So we’ve got five weeks or so until we get the chance to vote in the borough council elections.

Are you excited about the prospect? I am.

Yes, I know it says a lot about the kind of person I am but I think exercising my right to elect the people who are going to represent me is really important.

To the best of my knowledge, I only failed to vote in one election in my life. I’ve turned out for every other parish election, every borough and national vote and every referendum since I was able to vote.

I love the cut and thrust of local politics, but I think it is about much more than just posturing and pantomime.

If you don’t think local politics affects you, think again. It touches all parts of our lives from having your bins emptied to getting planning permission, from how much council tax you pay to adult social care provision.

And more recently, the council has been responsible for the local public health response to the coronavirus pandemic.

So yes, it’s important.

As I said, I’m interested in what will happen in the elections on May 6 and anyone who reads the comments on the Guardian’s website will quickly come to realise there is a number of local ‘commentators’ (that’s about as polite as I can be about them) who are also quick to make their opinions known.

By and large, these commentators are extremely critical of the Labour group that has been in control of Warrington Council since the 2016 election.

To be fair, I’ve had a few things to say about certain aspects of council policy over the years but you would be making a mistake to think that the ‘commentators’, or me for that matter, represent the views of the vast majority of Warringtonians.

Former prime minister David Cameron once told a Conservative party conference the reason polls were so wrong in the run-up to a General Election was because "Britain and Twitter are not the same thing". Similarly, Warrington and the Guardian’s comments section are not the same thing.

The stark fact is that whoever wins control of the council next month will be faced with the same problems. They won’t just go away if another party has a majority, nor will those problems go away if there is an upsurge in support for independent candidates or if there has to be some kind of coalition.

And it all comes down to money. Have a look at what the Institute for Government has to say on the matter. “Local authority ‘spending power’ – that is, the amount of money local authorities have to spend from government grants, council tax, and business rates – has fallen by 18 per cent since 2010.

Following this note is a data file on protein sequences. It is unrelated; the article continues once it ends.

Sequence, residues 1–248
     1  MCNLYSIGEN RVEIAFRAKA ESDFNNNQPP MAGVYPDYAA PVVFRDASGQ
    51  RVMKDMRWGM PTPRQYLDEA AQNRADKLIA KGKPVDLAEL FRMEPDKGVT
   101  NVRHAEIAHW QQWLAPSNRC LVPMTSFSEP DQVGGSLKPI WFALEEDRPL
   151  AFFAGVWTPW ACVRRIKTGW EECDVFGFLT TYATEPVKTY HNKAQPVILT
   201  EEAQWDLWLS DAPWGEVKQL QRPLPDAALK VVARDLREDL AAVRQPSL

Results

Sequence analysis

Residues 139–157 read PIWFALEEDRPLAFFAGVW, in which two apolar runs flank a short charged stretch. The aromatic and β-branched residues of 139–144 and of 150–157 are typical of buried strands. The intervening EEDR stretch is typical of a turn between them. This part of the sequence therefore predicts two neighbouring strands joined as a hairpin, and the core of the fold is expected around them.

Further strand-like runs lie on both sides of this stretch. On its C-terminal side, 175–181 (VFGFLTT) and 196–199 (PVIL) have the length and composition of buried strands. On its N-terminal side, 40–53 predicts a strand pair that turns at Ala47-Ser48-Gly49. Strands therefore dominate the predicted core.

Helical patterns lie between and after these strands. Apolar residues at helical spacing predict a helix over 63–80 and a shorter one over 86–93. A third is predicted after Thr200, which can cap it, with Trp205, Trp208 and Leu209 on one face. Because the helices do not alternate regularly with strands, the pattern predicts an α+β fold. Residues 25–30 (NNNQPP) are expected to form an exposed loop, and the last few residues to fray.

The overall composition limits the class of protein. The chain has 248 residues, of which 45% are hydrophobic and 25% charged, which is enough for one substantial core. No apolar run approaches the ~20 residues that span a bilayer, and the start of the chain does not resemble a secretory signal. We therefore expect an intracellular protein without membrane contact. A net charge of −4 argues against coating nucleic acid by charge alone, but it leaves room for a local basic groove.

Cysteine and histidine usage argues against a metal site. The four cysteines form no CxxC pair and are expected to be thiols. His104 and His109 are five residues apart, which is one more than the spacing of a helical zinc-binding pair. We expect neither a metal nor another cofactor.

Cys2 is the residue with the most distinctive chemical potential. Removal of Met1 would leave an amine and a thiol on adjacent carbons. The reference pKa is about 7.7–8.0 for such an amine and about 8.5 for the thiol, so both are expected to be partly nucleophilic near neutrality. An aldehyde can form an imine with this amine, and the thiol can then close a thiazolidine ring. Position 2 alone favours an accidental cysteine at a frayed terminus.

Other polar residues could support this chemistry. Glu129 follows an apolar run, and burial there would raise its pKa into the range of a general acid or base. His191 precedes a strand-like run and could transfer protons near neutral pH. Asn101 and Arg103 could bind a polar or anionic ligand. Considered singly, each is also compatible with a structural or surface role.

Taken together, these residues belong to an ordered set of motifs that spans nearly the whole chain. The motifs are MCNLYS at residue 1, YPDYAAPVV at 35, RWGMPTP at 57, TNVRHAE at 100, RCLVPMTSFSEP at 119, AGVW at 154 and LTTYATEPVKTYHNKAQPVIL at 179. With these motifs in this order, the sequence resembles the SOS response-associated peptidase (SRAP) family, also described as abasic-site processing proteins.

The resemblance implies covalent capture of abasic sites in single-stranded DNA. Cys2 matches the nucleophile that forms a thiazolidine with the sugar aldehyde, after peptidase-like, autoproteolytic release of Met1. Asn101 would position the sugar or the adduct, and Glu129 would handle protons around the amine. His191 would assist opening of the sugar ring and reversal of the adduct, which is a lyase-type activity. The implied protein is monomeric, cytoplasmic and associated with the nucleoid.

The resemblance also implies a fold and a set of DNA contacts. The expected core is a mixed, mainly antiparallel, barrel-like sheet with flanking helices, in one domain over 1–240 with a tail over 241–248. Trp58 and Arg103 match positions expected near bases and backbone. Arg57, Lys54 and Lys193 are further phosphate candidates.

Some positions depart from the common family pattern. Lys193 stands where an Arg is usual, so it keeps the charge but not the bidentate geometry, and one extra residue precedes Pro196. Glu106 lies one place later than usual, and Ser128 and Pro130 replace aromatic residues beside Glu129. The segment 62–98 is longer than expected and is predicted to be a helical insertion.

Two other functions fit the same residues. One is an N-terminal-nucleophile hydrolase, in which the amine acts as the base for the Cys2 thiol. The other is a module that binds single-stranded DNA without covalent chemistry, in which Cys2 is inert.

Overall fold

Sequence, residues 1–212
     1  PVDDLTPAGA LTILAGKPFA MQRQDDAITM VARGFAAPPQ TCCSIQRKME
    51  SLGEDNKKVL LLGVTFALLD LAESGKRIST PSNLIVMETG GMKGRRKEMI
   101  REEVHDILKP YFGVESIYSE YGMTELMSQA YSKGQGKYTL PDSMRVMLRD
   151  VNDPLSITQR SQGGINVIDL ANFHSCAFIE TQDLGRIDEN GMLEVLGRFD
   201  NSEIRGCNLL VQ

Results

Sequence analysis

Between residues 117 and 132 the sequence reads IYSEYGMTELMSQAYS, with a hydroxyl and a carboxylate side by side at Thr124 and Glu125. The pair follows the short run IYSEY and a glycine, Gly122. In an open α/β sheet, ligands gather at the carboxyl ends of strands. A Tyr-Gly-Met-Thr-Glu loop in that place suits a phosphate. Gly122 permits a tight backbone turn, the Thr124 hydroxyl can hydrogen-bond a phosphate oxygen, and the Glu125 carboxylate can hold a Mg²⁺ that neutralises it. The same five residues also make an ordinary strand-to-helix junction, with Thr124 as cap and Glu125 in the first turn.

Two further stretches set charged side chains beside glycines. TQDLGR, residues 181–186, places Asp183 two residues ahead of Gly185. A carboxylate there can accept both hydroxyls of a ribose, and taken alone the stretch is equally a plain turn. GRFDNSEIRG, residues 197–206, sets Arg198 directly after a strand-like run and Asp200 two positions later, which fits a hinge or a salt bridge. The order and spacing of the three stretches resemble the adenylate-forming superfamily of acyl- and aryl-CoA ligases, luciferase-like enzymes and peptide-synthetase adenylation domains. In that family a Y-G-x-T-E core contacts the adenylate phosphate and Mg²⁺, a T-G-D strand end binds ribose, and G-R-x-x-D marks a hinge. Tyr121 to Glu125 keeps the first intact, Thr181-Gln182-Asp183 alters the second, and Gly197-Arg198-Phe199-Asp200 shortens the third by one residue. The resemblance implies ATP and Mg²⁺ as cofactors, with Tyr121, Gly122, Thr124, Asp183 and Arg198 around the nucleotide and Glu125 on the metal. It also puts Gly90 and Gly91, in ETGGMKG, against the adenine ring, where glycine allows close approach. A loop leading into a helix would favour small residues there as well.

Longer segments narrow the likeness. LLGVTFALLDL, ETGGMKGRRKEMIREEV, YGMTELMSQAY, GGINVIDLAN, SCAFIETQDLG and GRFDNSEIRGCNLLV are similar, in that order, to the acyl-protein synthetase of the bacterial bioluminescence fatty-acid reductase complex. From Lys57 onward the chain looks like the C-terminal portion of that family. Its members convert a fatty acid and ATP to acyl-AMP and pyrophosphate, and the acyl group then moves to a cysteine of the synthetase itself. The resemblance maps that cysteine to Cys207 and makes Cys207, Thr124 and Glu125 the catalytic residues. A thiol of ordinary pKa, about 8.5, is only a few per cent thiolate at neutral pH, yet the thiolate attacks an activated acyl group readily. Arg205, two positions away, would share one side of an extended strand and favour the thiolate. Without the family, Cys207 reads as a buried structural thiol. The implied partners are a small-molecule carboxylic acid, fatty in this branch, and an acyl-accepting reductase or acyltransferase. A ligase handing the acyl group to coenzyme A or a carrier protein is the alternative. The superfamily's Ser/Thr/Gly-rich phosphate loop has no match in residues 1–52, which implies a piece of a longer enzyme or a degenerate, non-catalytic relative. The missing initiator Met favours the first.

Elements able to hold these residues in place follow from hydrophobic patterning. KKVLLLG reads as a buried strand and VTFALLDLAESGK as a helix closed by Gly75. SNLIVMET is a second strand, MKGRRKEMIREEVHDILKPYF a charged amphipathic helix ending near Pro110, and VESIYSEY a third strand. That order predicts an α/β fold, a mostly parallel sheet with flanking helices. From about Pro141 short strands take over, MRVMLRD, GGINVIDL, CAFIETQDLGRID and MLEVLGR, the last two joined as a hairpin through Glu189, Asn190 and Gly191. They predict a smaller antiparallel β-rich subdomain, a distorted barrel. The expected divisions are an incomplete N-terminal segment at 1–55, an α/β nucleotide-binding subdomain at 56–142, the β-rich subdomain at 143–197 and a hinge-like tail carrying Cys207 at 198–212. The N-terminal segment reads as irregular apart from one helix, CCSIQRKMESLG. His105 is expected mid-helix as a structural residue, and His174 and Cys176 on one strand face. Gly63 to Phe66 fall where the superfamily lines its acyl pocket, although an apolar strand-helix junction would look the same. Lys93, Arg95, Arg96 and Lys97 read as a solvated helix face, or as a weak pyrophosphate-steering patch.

“Local authorities have not been able to raise council tax rates by more than 2 per cent annually without holding a referendum since 2012/13. Theresa May’s government increased this to 3 per cent, but Boris Johnson’s government has since reduced it to 2 per cent for 2020/21.

So that’s a massive cut in government grants and a cap on how much can be collected through council tax. This reduction in income has to be dealt with by all councils, including Warrington.

Somewhat controversially, Warrington Council has attempted to manage with the problem by borrowing vast sums of money at low interest rates, using that cash to fund property deals and collecting rent from the properties it has bought.

And the profit from the rental income has been used to support the services the council is obliged to provide.

I make no judgement on the fiscal, moral or commercial probity of this policy. It may be risky, it may be a stroke of genius.

But the fact remains, it was done to avoid cutting services in the way other councils have had to. Time will tell if it was right or wrong.

So my question to the Conservative, LibDem, Green and independent candidates is a simple one: What will you do to deal with cash shortfall brought about by the cuts in central government funding of the past 11 years? Will you hatchet services to balance the budget?

So to help me make my decision about who to vote for, I’d appreciate it if the candidates, as a matter of urgency, can tell me and all the other voters exactly what they are going to do. I look forward to hearing from you.

Oh, and you can cut out all the waffle about ‘transparency’, ‘listening to the people’ or ‘working hard for the community’. As the song ‘Dirty Cash’ says: Money talks.